VEGF Levels in Women with Gynaecological Cancers
Background: High blood levels of Vascular Endothelial Growth Factor (VEGF) have been reported in patients with gynaecological cancer and have been correlated with advanced disease and poor outcome. However, results are few and varied and most studies used single measurements. There is also debate as to whether serum or plasma measurement reflects circulating VEGF. Aims: To describe and compare the properties of serum and plasma VEGF in women with ovarian and endometrial cancer. To clarify their relationships with platelets and investigate their correlation with disease activity. In addition we wished to investigate the effect of green tea (which has known angiogenic activities) consumption on blood VEGF. Methods: VEGF was measured by ELISA method in serum and plasma in women with gynaecological cancers. Serial measurements were taken in women with endometrial or ovarian cancer, and in women without cancer. Blood samples were also obtained in women before and after surgery for endometrial or ovarian cancer. The association of platelets and CRP to blood VEGF was determined using combined data. In addition, the effect of green tea on serum and plasma VEGF was evaluated in women with persistent cancer who were treated with 6 days oral green tea extracts equivalent of 900mg EGCG daily. Results: The median week to week coefficient of variance (CV) was approximately 10% for serum and 30% for plasma VEGF. There was significant overlap in VEGF concentrations between women with disease and control. Serum VEGF but not plasma correlated with platelets and CRP and there appeared to be a multiplicative relationship between plasma and serum VEGF. There was no significant difference between blood VEGF before and after surgery. Short term green tea extracts were safe but did not lead to significant changes in blood VEGF. Conclusion: Blood VEGF measurements are elevated in some women with advanced gynaecological cancers, single measurements appear a reliable indication of the levels in different patients but levels did not appear to be a good indicator of change in tumour load within individual patients. Serum VEGF varied with platelet count and CRP and may be reflection of the systemic response to advanced malignancy. It is not clear to what extent plasma VEGF reflects circulating VEGF. We did not see a reduction in blood VEGF after consumption of green tea. Future studies are needed to assess to what extent plasma VEGF reflect circulating VEGF, and the effect of green tea extracts.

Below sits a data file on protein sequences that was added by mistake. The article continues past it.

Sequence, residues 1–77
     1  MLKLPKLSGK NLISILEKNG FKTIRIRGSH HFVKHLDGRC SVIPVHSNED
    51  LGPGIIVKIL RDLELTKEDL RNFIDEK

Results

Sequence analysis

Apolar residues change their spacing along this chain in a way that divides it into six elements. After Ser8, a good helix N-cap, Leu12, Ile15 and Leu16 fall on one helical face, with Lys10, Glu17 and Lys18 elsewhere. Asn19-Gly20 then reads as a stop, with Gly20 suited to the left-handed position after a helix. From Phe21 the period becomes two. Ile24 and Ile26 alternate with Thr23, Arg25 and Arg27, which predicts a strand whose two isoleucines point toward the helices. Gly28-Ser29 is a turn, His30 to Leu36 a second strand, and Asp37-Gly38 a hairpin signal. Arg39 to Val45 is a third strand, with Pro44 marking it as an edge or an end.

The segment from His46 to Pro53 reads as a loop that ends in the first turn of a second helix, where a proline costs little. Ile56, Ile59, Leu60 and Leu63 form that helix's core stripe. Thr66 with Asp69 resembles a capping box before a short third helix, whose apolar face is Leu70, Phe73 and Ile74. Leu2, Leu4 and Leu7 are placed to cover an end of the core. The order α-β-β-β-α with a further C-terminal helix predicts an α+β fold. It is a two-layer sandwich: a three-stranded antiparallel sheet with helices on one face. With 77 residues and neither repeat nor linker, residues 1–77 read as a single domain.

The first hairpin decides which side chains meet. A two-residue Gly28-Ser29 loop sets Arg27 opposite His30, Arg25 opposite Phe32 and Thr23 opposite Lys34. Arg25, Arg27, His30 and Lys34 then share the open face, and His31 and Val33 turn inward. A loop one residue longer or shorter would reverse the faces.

Advisor: Sykes, Peter; Evans, John
Degree Name: Bachelor of Medical Science with Honours
Degree Discipline: Department of Obstetrics and Gynaecology, University of Otago Christchurch
Publisher: University of Otago
Keywords: serum VEGF; ovarian cancer; endometrial cancer; green tea; EGCG; plasma VEGF; circulating VEGF
Research Type: Thesis